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Tipis are seen near the Washington Monument in Washington, D.C., as part of Native Nations Rise, an event organized by the Standing Rock Sioux Tribe and opponents of the Dakota Access Pipeline. (Photo by

Tipis are seen near the Washington Monument in Washington, D.C., as part of Native Nations Rise, an event organized by the Standing Rock Sioux Tribe and opponents of the Dakota Access Pipeline. (Photo by

Tipis on National Mall Signal Days of Native Defiance and Action

Pipeline fight has evolved into a 'powerful global phenomenon highlighting the necessity to respect Indigenous Nations'

Lauren McCauley

Tipis began sprouting up on the National Mall on Tuesday as native communities and their allies descended on the nation's capital for a week of workshops and lobbying for Indigenous rights in anticipation of Friday's massive Native Nations Rising march.

The four-day demonstration was spurred by opposition to the Dakota Access Pipeline (DAPL), the fight that galvanized native people, at one point drawing members of more than 300 federally recognized Native American tribes and thousands of other supporters to the Standing Rock Sioux's protest camps.

"This movement has evolved into a powerful global phenomenon highlighting the necessity to respect Indigenous Nations and their right to protect their homelands, environment, and future generations," read a statement from the Standing Rock Sioux Tribe, the Indigenous Environmental Network, and the Native Organizers Alliance. "Now its time to take this to the doors of the White House."

The two-mile march on Friday will begin at the headquarters of the Army Corps of Engineers and culminate across from the White House in Lafayette Square, where a rally will "demand that Indigenous rights be respected," which includes rescinding President Donald Trump's recent executive order advancing construction of the 1,172-mile oil pipeline, which threatens Standing Rock sovereignty and threatens the tribe's sacred water source.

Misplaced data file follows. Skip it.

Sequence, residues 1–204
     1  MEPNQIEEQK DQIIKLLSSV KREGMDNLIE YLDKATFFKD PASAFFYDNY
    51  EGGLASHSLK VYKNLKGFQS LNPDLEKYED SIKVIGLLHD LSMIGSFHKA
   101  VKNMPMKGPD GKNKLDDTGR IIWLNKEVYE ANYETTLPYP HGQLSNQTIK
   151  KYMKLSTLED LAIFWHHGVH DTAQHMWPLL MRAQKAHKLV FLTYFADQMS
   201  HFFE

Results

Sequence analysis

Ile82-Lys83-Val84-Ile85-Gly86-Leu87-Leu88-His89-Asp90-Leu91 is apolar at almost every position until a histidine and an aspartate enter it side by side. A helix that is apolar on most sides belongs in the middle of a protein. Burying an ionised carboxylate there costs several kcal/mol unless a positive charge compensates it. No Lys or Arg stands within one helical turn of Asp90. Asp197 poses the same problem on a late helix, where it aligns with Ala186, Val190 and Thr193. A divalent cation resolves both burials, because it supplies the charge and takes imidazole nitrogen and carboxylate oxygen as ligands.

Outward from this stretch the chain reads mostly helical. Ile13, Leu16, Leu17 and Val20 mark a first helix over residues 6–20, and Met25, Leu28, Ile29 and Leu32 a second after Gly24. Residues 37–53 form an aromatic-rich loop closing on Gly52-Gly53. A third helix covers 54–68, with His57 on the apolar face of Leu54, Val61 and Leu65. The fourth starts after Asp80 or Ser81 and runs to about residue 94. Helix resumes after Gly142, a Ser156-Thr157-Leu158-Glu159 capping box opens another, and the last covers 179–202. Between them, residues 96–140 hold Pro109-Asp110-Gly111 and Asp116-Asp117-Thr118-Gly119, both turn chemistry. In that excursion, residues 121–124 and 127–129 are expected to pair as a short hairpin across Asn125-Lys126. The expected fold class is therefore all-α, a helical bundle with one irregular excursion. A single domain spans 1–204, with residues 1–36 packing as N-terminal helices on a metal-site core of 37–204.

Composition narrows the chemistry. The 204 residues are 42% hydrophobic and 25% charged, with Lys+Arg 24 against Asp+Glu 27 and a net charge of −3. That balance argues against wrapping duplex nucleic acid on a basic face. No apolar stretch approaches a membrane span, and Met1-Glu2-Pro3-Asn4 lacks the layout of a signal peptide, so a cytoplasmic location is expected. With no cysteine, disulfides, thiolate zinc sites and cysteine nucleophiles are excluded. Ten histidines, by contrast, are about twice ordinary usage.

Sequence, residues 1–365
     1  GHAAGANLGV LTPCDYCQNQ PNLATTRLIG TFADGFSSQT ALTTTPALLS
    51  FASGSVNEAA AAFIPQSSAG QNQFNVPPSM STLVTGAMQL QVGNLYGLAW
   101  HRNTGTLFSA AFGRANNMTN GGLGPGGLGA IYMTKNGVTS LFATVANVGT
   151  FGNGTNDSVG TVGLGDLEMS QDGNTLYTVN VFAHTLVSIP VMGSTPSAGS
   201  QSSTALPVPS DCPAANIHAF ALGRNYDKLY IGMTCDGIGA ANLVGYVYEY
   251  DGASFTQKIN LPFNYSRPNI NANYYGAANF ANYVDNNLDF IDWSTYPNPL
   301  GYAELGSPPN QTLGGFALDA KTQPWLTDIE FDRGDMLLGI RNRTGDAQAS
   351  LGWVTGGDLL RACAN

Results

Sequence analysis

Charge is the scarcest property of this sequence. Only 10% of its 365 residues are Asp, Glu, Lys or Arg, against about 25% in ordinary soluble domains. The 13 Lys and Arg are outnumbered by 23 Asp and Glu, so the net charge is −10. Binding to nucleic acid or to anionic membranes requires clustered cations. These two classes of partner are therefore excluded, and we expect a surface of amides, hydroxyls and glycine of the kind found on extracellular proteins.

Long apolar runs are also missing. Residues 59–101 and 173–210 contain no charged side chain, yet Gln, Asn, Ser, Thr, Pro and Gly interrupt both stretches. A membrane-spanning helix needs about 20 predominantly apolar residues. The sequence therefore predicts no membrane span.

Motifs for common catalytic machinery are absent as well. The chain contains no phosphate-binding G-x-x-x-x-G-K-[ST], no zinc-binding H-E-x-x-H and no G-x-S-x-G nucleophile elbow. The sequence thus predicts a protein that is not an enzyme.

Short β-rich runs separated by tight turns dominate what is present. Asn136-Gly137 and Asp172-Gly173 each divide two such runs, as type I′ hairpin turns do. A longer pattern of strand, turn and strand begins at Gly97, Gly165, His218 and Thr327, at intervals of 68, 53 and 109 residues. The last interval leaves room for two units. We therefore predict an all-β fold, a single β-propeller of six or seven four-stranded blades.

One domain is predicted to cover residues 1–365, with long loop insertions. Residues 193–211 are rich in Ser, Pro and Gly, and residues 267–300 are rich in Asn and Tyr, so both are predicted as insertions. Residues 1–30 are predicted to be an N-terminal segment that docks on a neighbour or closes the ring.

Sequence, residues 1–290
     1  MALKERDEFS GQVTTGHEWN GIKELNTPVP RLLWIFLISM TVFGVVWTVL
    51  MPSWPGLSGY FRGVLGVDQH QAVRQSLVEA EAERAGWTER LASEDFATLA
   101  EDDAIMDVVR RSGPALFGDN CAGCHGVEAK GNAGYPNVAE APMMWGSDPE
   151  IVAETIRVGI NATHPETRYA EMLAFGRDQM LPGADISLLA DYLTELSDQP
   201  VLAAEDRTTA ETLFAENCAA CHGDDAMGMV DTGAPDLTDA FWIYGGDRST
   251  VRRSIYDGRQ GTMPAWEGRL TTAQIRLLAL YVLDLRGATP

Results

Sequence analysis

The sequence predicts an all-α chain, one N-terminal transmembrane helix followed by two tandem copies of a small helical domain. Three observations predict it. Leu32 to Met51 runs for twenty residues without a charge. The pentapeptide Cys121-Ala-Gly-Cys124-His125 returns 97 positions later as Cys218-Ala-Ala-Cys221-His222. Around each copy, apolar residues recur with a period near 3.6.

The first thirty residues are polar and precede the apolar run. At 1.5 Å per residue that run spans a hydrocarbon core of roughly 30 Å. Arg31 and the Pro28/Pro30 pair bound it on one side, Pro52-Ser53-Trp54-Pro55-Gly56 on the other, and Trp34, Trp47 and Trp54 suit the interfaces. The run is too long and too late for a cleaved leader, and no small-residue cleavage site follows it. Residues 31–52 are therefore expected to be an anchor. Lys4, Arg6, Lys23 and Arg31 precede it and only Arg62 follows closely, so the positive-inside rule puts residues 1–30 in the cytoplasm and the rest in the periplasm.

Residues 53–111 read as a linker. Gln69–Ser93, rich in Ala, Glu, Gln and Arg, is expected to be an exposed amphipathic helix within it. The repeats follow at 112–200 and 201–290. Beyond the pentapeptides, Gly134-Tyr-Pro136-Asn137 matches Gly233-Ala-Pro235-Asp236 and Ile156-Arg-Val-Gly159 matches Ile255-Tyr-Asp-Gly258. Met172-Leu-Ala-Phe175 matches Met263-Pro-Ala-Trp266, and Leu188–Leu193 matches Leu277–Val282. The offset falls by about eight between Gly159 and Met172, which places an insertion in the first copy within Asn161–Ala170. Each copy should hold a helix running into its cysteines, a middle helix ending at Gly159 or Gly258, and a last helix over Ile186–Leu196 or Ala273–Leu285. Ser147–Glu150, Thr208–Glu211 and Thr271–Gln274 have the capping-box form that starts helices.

A number of sister marches are also being planned in cities across the U.S.

The tribal opposition suffered another legal setback on Tuesday when a federal judge declined to temporarily halt construction of the pipeline, meaning that oil could potentially flow beneath Lake Oahe as soon as next week.

"They want us to believe the fight is over—but we can still win this. We can unite in peaceful, prayerful resistance against this illegal pipeline," said Standing Rock Sioux chairman Dave Archambault II in a press statement ahead of the latest ruling. "Now, we are calling on all our Native relatives and allies to rise with us. We must march against injustice—Native nations cannot continue to be pushed aside to benefit corporate interests and government whim."

However, noting that this gathering is greater than one tribe and one pipeline fight, the organizers are also urging Trump to meet with tribal leaders to learn "why it's critical that the U.S. government respect tribal rights." They're also asking that the administration seek "consent, not consultation," to ensure that tribal interests are not marginalized in favor of corporate ones.

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